Analysts believe that Kosovo needs a new political leadership which is not burdened with past encumbrances and that changes in the government would be a healthy motivation for the young Kosovo democracy. PDK, LDK and AAK are – besides having proven to be disastrous leaders  – all burdened with crime, corruption, nepotism, war crimes, liquidations, and certain individuals even with unresolved murders that may have been politically motivated. The Self-Determination Movementcould bring some positive changes if it takes over the government, bearing in mind that Kosovo is facing a major turning point and tectonic changes on the political scene. The process of Kosovo's international recognition has been stopped, which may put its very existence under threat.


Eventual success of the Self-Determination Movementshould therefore come as no surprise. Analysts have estimated that the Belgrade-Pristina dialogue is expected to be concluded by Aleksandar Vučić and Albin Kurti (LVV). Serbian Progressive Party (SNS) and its leader Vučić have already corrected their politics to some extent, but they still have to make further changes. The same will happen with LVV which is becoming the key actor on Kosovo's political scene.  


Thus the issues of the demarcation of the border between Kosovo and Montenegro, the establishment of the Community of Serb Municipalities (ZSO) and the formation of the Kosovo Army will probably have to be dealt with in one package. The official representatives of minority communities will play significant role in this.




EU has punished the citizens of Kosovo which is the only country in the region that still has the visa regime in place with the EU states as well as with Bosnia and Herzegovina. It is inconceivable that the EU's condition for abolishing the visa regime for Kosovo is the ratification of the border demarcation agreement with Montenegro.


As far as Kosovo’s status is concerned there is a conflict between two constitutional concepts:  according to one Kosovo (and Metohija) is a constituent part of Serbia, while according to the other Kosovo is an independent state. This conflict between the two constitutional concepts will have to be resolved.


Corruption, clientelism and privatisation still remain the main problems of Kosovo's society. Corruption is closely connected with political activism, clientelism and nepotism related to the leading PDK and LDK which have abused their position in order to achieve dominant position through employing its staff in the state administration and other public institutions.


Affiliation to the leading party is one of the main criteria for employment and often also for enrolling at universities or even passing exams. There are many cases of misusing the university places reserved for minority communities when individuals from the majority nation (Albanians) state they belong to one of the national minorities (e.g. Bosniak) in order to take up the reserved enrolment places. The election legislation and the principle of positive discrimination have also been misused by some minority lists (such as SDA) which have presented themselves as multinational parties in order enable the election of the representatives of the leading parties from the majority nation instead of those from the real minorities. According to the Kosovo Election Law minority lists are reserved for the election of the representatives of minority communities to the Kosovo Assembly, therefore such misuses and manipulations should be prevented.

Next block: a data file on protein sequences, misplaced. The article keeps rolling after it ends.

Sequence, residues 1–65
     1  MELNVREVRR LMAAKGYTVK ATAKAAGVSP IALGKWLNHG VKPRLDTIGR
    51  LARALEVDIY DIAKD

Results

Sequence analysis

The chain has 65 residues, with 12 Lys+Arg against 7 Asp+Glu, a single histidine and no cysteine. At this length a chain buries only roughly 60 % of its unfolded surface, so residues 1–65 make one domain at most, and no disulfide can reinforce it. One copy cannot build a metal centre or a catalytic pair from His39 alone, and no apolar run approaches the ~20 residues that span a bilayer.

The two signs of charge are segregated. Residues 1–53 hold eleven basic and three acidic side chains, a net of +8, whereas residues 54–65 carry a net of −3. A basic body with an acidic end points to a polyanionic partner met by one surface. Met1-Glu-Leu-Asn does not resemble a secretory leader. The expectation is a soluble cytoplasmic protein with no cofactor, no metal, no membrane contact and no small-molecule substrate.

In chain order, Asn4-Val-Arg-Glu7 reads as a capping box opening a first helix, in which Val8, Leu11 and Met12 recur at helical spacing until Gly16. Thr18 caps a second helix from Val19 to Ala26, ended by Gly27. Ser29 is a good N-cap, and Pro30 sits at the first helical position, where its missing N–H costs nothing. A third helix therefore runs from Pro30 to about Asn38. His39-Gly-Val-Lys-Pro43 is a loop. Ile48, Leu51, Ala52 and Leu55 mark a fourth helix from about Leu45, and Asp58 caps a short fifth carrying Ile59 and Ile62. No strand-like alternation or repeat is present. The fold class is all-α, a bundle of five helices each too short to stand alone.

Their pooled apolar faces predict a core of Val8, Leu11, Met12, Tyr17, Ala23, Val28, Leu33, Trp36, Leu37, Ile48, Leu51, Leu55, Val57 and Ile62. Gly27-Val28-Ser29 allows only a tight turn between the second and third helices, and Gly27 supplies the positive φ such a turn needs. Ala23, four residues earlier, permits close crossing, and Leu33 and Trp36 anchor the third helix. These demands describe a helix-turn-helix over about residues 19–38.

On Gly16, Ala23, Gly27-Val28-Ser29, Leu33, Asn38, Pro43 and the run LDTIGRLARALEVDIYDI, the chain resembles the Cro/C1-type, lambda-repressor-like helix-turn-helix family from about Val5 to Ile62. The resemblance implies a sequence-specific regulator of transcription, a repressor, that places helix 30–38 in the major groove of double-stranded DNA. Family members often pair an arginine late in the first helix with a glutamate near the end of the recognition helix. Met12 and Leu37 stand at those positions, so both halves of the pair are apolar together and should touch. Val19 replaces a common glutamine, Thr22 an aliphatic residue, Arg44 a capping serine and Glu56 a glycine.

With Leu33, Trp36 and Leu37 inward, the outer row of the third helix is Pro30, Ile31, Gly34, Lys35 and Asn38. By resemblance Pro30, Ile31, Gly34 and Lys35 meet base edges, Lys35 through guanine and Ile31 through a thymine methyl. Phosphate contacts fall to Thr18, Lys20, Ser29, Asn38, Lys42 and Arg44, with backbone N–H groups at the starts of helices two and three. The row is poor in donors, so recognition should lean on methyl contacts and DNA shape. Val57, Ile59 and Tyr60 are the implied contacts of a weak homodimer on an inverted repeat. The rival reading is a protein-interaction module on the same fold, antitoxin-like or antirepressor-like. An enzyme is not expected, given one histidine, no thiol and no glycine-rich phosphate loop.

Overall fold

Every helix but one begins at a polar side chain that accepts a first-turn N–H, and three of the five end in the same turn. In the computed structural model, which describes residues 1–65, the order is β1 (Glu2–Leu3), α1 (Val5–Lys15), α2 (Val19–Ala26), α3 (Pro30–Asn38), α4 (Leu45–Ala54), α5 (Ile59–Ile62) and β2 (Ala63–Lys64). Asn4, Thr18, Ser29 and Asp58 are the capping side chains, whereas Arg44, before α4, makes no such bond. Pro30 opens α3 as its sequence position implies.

As regards the economic issues most undecided voters believe privatisation has failed completely, being used as a tool for achieving personal profit. In some cases privatisation was unnecessary in the first place, while in other cases it was carried out in a non-transparent, suspicious and incorrect manner.


The respondents of opinion polls published in Kosovo believe that the rule of law is not functioning and that there is no justice, no penalties and no efficient courts. This means that the state is weakening and that the citizens no longer trust its institutions.


On June 11, 2017 the citizens will decide what kind of government Kosovo will have, but the general impression is that Kosovo needs radical changes and a new beginning.


The IFIMES International Institute is of the opinion that the key tasks for the new government will be to achieve the no-visa regime for all EU member states and to seriously deal with the accumulated problems of the young generation, bearing in mind that Kosovo has the youngest population in Europe. It will have to ensure the functioning of the rule of law and state institutions in fighting crime and corruption. The efficient judicial system will represent the foundation for the future development of Kosovo. An important task will be the integration of Kosovo through regional cooperation and friendly relations with the neighbouring countries. Promoting the respect of human rights and positive discrimination of minorities should be the constant priority of the new government. High unemployment rate is another key issue to be dealt with in order to prevent another wave of emigration to the EU, especially among the young generation. A strict and systematic control mechanism of the privatisation process should also be ensured as a key priority.Once functioning the Special war crimes court and prosecution office will launch the process of elimination of war leaders from the political and public life in Kosovo, which will relieve the tense atmosphere. It should be noted that despite its ambitious targets the incumbent government (LDK-PDK) has achieved very modest results in terms of obtaining new recognitions of Kosovo's independence. Kosovo is facing some tectonic changes on the political scene which may ensure a better future to all its citizens.


Ljubljana, 31 May 2017